There is rain often in the Andustar during this time of year, in the high summer. What splatters across the rooftops and windowpanes of Andúnië this night is not some gale or wild hurricane. No work of Ossë's (or if it is, tempered by Lady Uinen), but instead simply a gentle, steady rainstorm. It came this morning, and has shown no signs of abating since then.
Elatan and Valandil do not mind it. They were both born and raised in Andúnië and even if the family makes fairly regular visits to Armenelos Andúnië is still the only place either one of them could ever call home. On the other hand, Silmariën is still a child of the inland, and it still amazes her, even after all these years, how long the rains can endure. In the Arandor, it is rare for a storm to last more than a few hours. Never does it rain without cease for days on end in the capital, even when a hurricane is blowing.
"Can I have a story?"
Valandil does not ask so much as he demands a story out of his mother, but they have not seen each other all day, so Silmariën has not the heart to scold him. She does not remember having the most graceful manners at the age of five herself. There will be time enough later for improving the graces of Valandil's tongue.
She smiles warmly down at her young son. "Alright, love. One before you go to bed."
"Thank you, Mama!" Valandil rushes over to his bed, pulling up the quilt and the sheets and burrowing under them, staring expectantly up at her. Silmariën nods her head and goes to sit at the edge of the bed, smoothing down her skirt, wondering what to say.
It's usually Elatan who tells bedtime stories in this house, if and when Valandil wants one. Usually, both of Valandil's parents are on hand, and it falls to Elatan to tell the stories. But Elatan is not here tonight; he's preoccupied with work. So Silmariën can't help but feel a little out of depth, but then, even after growing up with two younger siblings, she still feels out of her depth sometimes with her son. I wish there was a book somewhere that could teach me how to be a mother. Oh well. I am never going to find that book.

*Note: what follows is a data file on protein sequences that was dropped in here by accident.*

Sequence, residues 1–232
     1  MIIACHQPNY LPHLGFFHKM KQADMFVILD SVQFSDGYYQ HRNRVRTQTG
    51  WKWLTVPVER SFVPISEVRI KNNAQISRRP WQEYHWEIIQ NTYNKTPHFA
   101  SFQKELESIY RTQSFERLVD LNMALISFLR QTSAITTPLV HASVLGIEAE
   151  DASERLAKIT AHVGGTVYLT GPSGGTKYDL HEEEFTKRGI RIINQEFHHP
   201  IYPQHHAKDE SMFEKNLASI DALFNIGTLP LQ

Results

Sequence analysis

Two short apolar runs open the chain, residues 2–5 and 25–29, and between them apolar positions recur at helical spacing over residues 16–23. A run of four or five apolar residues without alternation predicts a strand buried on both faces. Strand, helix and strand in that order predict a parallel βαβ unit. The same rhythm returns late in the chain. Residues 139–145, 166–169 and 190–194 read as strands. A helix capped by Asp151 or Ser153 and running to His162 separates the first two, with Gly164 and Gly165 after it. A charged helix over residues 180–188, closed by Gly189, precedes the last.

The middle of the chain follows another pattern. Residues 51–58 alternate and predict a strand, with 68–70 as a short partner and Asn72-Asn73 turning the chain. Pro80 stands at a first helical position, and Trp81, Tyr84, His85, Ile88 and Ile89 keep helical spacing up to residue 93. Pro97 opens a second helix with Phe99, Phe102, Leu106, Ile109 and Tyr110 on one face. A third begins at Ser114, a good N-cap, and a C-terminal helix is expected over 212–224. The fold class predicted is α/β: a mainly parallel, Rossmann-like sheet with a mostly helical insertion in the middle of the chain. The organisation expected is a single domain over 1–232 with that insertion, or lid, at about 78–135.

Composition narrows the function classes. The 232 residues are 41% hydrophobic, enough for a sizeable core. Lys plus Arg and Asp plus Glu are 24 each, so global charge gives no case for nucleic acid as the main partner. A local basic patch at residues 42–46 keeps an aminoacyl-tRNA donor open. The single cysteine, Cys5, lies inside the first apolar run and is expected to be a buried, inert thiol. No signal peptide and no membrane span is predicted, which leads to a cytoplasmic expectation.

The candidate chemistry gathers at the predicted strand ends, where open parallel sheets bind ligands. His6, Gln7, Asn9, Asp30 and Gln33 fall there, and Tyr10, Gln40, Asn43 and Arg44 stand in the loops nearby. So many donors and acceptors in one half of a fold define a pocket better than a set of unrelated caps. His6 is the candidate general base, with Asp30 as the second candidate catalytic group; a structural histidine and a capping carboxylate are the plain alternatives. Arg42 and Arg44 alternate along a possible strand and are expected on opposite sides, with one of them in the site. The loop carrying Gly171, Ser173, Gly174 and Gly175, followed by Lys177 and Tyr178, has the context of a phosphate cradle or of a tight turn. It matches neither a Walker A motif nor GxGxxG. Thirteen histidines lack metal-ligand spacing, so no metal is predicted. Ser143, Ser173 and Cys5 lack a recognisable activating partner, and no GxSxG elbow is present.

"Mama?" Valandil shakes her arm with his tiny hand. He looks up at her, brow furrowed, impatient and wondering, clearly wondering, what's taking her.
Silmariën laughs quietly. "So impatient, love? Give me a moment; I need to think of a good one. I'm afraid that this probably won't be up to the standards of your father's stories."
"I don't mind," Valandil says earnestly. No need to risk alienating her and getting no story at all, it seems.
Silmariën listens to the rain falling on the roof of the house, closing her eyes. Sometimes, if she listens hard enough, she will hear a voice speaking to her out of the rain. At times, it sounds like the voice of her grandfather, dead these past thirty-three years. At times, the voice sounds like someone Silmariën has never known, but feels as though she should know. The voice sounds very much like her grandfather, and yet not so. This night, she hears no voice, but eventually, Silmariën comes upon a story she does not think Valandil has heard before.
"Valandil… Have you ever heard the story of the Elda who holds up the heavens?"
He shakes his head silently, eyes open wide in curiosity.
"Hmm, I hadn't thought you had. Well, love, the story is an old one amongst our people, dating to our earliest days. It starts thousands of years ago, in the Undying Lands. Have you ever heard of the Elda named Fëanor, Valandil?"